Keywords:Biogenic volatile organic compound, Secondary organic aerosol, Chemical mechanism, Low-volatility organic compound, Smog chamber
Formation of low-volatility compounds such as dimers detected in atmospheric aerosol particles will affect atmospheric organic aerosol level due to the influence from these dimers on volatility and viscosity of particles. In order to study formation mechanisms of dimers detected in forest particles,1) we used liquid chromatograph-mass spectrometry (LCMS) to analyze filter extracts of secondary organic aerosol (SOA) particles generated by chamber experiments on the oxidation of α-pinene. We determined the ratios of dimer to SOA mass for those with molecular weights (MWs) of 344, 358, and 368 as a function of experimental conditions including the oxidant of VOC, initial VOC concentration, the acidity of seed particles, and the temperature of chamber. We used 6 m3 NIES smog chamber and temperature-controllable 0.7 m3 Teflon bag chamber for generation of SOA particles. The dimer/SOA ratios measured for the reactions of O3 with α-pinene were higher than those measured for the reactions of OH and NO3 radicals with α-pinene. Formation of dimers barely occurred during reactions with OH and NO3 radicals although the reactions of OH and NO3 radicals with α-pinene forms carbonyl compounds, which could form dimers through acid catalyzed heterogeneous reactions, and organic peroxy radicals, which could form dimers through gas-phase association reactions. Furthermore, the concentrations of dimers with MWs of 344 and 358 in sample solutions showed linear correlations with the product from multiplication of the concentrations of corresponding monomers. Dimers with MW 358 could be successfully separated with a LC column from the chromatographic peaks of presumed monomers, pinic acid and terpenylic acid; suggesting that signals of dimers with MW 358 are not instrument artifacts and result from stable dimers existing in solution or particle phases. Dimers with MW 358 are likely to be formed through the reactions of Criegee intermediates; however, as formation process for dimer with MW 358 we cannot exclude hydrogen bonding formation2) from monomers formed from the gas-phase reaction with O3. This research has been supported by the Environmental Research and Technology Development Fund from Environmental Restoration and Conservation Agency (grant no.5-1801) and NIES Research Founding Type A.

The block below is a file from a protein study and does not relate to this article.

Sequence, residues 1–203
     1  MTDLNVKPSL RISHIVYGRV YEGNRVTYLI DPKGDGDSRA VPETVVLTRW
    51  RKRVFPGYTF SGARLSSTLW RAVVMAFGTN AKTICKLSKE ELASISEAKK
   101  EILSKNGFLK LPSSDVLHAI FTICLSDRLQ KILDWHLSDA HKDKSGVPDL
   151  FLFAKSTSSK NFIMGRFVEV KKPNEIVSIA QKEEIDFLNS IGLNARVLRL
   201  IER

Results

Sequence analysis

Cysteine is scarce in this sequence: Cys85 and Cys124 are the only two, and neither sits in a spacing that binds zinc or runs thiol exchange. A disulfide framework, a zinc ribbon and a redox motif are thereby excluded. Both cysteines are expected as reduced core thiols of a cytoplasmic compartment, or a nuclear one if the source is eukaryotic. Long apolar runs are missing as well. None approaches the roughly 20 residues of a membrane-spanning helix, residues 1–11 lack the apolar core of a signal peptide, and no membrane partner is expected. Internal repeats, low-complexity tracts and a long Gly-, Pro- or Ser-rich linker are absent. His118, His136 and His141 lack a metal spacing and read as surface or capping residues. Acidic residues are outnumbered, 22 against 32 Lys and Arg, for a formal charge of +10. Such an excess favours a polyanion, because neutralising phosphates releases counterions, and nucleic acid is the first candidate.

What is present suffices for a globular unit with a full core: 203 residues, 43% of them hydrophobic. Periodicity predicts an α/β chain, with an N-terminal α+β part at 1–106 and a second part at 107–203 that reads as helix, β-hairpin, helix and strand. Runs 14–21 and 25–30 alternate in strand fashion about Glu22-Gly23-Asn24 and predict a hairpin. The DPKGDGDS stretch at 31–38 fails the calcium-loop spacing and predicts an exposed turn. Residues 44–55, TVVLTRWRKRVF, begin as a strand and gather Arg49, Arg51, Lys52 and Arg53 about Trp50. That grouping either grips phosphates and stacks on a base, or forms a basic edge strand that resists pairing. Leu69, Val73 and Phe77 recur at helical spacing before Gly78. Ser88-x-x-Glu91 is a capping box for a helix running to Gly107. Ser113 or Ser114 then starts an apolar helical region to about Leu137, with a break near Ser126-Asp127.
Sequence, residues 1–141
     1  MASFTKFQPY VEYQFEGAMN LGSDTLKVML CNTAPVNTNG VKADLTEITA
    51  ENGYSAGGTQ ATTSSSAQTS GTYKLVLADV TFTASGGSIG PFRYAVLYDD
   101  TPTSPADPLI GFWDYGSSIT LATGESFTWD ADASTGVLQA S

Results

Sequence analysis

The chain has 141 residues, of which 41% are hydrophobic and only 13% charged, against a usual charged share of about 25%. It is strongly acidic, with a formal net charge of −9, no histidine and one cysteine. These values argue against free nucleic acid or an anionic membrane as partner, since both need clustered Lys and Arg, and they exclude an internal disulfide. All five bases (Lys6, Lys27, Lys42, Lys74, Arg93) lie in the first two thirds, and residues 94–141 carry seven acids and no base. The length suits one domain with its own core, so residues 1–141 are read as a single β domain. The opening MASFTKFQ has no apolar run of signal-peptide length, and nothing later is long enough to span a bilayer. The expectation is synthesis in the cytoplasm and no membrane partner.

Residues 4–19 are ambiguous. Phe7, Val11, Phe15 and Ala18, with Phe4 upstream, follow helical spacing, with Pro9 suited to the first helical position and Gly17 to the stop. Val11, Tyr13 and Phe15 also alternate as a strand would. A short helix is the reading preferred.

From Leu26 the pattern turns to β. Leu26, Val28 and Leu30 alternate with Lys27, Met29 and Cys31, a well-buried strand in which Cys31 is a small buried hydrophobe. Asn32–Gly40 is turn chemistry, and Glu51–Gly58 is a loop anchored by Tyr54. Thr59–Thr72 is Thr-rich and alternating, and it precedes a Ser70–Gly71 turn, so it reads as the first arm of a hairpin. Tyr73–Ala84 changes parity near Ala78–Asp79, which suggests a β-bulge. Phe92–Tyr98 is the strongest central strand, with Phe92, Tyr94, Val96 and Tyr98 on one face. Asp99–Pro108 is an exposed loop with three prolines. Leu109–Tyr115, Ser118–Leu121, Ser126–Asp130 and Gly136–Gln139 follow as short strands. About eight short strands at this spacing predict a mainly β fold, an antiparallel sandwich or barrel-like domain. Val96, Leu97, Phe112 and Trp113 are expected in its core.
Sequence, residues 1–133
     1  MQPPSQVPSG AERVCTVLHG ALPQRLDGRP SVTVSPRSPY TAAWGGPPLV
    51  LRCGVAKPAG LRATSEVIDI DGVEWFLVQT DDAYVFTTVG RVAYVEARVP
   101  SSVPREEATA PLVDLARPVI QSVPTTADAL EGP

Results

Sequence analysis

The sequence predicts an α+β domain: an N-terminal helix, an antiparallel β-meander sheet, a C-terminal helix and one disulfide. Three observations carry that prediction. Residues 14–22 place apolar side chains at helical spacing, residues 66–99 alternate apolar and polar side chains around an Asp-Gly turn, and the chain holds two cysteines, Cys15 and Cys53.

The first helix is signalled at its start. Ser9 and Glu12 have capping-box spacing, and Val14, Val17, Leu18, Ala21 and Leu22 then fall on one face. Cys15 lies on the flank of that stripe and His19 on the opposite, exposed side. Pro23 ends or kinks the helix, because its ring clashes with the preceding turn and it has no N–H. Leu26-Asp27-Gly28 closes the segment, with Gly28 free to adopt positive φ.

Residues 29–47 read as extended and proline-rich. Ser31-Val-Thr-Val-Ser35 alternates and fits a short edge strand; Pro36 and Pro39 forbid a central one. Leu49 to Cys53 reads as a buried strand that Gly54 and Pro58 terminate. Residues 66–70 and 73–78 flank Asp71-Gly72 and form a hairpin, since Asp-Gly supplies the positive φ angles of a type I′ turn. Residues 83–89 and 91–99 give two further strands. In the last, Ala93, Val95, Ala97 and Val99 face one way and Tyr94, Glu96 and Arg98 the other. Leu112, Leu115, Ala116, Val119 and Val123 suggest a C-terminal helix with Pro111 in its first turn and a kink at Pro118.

1) Sato et al., LC/MS analysis of molecular markers present in biogenic secondary organic aerosols collected during year-round observations at a cool-temperature forest, Japan Geoscience Union Meeting 2019, AASO4-22, Chiba, Japan (2019).
2) DePalma et al., Thermodynamics of oligomer formation: implications for secondary organic aerosol formation and reactivity, Phys. Chem. Chem. Phys., 15, 6935-6944 (2013).